Great powers and empires are, I would suggest, complex systems, made up of a very large number of interacting components that are asymmetrically organized, which means their construction more resembles a termite hill than an Egyptian pyramid. They operate somewhere between order and disorder -- on "the edge of chaos," in the phrase of the computer scientist Christopher Langton. Such systems can appear to operate quite stably for some time; they seem to be in equilibrium but are, in fact, constantly adapting. But there comes a moment when complex systems "go critical." A very small trigger can set off a "phase transition" from a benign equilibrium to a crisis -- a single grain of sand causes a whole pile to collapse, or a butterfly flaps its wings in the Amazon and brings about a hurricane in southeastern England. _Ferguson_February 26, 2010 "Foreign Affairs" - March/April 2010 Edition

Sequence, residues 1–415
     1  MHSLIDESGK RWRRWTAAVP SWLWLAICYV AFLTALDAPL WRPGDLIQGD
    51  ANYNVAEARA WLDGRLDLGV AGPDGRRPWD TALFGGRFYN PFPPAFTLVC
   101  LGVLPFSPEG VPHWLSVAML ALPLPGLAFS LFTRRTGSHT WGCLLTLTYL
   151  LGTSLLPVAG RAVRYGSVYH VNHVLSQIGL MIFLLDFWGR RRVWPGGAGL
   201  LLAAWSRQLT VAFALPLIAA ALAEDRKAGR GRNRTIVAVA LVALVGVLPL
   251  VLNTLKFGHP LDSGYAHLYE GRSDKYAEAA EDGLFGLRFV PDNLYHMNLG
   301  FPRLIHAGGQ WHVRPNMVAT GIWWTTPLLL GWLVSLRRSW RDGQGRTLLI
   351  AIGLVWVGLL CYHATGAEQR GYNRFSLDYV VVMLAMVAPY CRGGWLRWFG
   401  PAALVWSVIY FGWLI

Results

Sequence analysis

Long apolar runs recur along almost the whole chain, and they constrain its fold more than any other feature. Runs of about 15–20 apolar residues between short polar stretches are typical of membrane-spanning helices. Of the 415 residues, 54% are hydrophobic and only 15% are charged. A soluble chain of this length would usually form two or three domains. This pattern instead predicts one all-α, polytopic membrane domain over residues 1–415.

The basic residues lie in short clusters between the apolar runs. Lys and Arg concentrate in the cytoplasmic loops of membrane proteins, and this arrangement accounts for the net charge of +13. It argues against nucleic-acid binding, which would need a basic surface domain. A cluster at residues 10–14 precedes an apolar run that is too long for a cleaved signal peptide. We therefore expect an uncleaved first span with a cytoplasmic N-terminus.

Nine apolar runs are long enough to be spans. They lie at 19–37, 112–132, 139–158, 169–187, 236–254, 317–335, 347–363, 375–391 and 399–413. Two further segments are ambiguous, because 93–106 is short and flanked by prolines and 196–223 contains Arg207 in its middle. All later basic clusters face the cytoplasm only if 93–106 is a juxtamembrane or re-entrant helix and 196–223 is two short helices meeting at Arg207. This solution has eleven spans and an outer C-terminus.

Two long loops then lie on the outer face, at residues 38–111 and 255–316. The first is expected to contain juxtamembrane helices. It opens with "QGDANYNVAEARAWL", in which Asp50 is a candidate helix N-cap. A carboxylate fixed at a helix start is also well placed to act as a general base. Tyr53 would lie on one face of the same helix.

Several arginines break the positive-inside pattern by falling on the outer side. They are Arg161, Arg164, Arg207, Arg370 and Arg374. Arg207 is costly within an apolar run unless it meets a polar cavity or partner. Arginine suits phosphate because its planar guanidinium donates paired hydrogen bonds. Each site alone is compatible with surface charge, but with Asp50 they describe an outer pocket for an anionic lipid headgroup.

Thomas Cole paintings courtesy of Wikipedia

The short lifespan of humans -- a matter of mere decades -- combined with a relatively low average intelligence, leads to inevitable instabilities and tendencies to the dissolution of polities over time. This is due to the way that power is actually seized, controlled, and administered at various levels of complex societies, in a short-lived, semi-intelligent species of barely advanced apes.

The type of disorder within Bosnia, Kosovo, Haiti, Iraq, Pakistan -- or any number of third world states -- that one may have observed from afar, can easily visit your home town without so much as a by-your-leave. Violent dissolution needs no excuse to intrude in a highly complex civilisation. It only needs a few tumblers to fall in the proper places, to merely get its foot in the door.


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Blogger Robert said...